Remember when the term “fusion cuisine” first made its way into the food scene in the ’80s? When the mixing of ingredients and techniques from different cultures started to pop up on restaurant menus in the form of California rolls and smoked salmon-topped pizza?

The fact is, we’ve been fusing food in the U.S. before the pilgrims at Plymouth Rock even thought about tossing a few handfuls of Native American corn into their venison stew.

It makes perfect sense. We are the melting pot of the world, so why shouldn’t what’s inside the pot reflect it?

Several years ago, a food truck popped up in Los Angeles offering the ultimate example of fusion cuisine — Korean barbecue beef, cilantro, onion and lime, tucked inside a warm corn tortilla and topped with a spicy-soy slaw. And, so, the Korean BBQ taco was born, and it had Angelenos lining up in droves.

For some reason the combination of Asian and Mexican works, and to prove my point, I offer you the Thai Skirt Steak Taco With Peanut Sauce and Cucumber-Mango Salsa.

Skirt steak is marinated in a heady mixture of lime juice, brown sugar and fish sauce and broiled to a tender medium-rare.

Before I get ahead of myself, I want to point out that fish sauce (a bottle of deliciousness that tastes far better in anything you put it in than it smells itself) can now be found in the Asian section of most supermarkets, a testament to changing times.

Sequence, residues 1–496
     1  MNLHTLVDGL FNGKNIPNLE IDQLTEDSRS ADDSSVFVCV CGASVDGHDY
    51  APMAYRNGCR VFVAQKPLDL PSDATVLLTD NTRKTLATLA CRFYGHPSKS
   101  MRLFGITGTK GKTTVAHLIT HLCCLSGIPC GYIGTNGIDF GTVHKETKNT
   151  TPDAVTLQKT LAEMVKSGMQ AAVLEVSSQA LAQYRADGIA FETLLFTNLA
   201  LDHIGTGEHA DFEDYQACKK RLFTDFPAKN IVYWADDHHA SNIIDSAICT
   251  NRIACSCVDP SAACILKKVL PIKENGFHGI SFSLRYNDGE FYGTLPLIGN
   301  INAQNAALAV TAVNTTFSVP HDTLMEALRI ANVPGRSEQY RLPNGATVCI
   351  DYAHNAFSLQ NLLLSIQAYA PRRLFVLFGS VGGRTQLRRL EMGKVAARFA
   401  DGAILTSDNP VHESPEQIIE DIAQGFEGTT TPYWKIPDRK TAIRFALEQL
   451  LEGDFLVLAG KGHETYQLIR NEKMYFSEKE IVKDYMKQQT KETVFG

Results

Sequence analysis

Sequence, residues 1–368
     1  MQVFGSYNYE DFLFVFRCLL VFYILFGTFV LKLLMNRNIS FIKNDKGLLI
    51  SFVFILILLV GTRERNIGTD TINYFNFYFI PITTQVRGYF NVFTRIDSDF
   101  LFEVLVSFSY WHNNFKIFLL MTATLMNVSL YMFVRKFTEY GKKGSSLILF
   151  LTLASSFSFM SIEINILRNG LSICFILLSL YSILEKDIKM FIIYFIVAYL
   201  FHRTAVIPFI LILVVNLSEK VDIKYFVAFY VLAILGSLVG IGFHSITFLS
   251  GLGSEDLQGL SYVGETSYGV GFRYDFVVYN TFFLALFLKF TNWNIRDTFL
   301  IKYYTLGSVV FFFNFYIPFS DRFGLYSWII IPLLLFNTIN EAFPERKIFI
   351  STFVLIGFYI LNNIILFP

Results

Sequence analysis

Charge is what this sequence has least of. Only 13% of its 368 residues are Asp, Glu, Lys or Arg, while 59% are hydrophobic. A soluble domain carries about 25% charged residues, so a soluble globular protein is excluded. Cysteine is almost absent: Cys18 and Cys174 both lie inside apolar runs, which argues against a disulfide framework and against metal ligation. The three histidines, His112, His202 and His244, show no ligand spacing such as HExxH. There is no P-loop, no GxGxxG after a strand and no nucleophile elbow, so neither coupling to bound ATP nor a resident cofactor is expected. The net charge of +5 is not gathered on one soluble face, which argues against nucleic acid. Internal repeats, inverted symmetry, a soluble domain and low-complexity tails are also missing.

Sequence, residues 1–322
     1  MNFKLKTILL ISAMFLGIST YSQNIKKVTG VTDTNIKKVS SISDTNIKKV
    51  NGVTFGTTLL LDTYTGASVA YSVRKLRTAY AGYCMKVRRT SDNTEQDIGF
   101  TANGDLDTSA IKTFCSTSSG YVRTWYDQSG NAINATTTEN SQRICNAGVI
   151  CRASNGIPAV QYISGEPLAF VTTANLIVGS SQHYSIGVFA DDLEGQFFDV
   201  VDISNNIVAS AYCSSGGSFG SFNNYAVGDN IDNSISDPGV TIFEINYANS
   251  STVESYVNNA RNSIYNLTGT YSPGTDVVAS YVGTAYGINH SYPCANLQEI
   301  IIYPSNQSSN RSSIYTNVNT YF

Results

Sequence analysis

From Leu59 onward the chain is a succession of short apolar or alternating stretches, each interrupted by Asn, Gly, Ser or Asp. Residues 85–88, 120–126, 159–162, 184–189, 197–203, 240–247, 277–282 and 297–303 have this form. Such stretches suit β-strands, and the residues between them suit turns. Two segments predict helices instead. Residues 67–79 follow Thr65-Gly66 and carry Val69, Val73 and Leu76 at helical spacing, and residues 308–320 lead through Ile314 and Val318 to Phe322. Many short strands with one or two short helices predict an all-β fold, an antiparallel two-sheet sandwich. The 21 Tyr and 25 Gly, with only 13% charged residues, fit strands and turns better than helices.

The thinly sliced broiled steak and a bit of crunchy sliced cabbage are served in a warm corn tortilla. A lively peanut sauce, made with lime juice, peanut butter and Sriracha sauce, is drizzled over the top.

Fresh salsa is made by combining diced cucumber, sweet mango, a handful of chopped mint and cilantro with some reserved marinade. Sweet and tart, this unique twist on pico de gallo is spooned generously on top of the steak, along with a showering of more fresh herbs.

The result is an addictive take on street food — one you would not likely find on the streets of Bangkok or Mexico, but one that seems perfectly at home in the world’s biggest melting pot.


Meredith Deeds is a cookbook author and food writer from Edina. Reach her at Follow her on Twitter ­at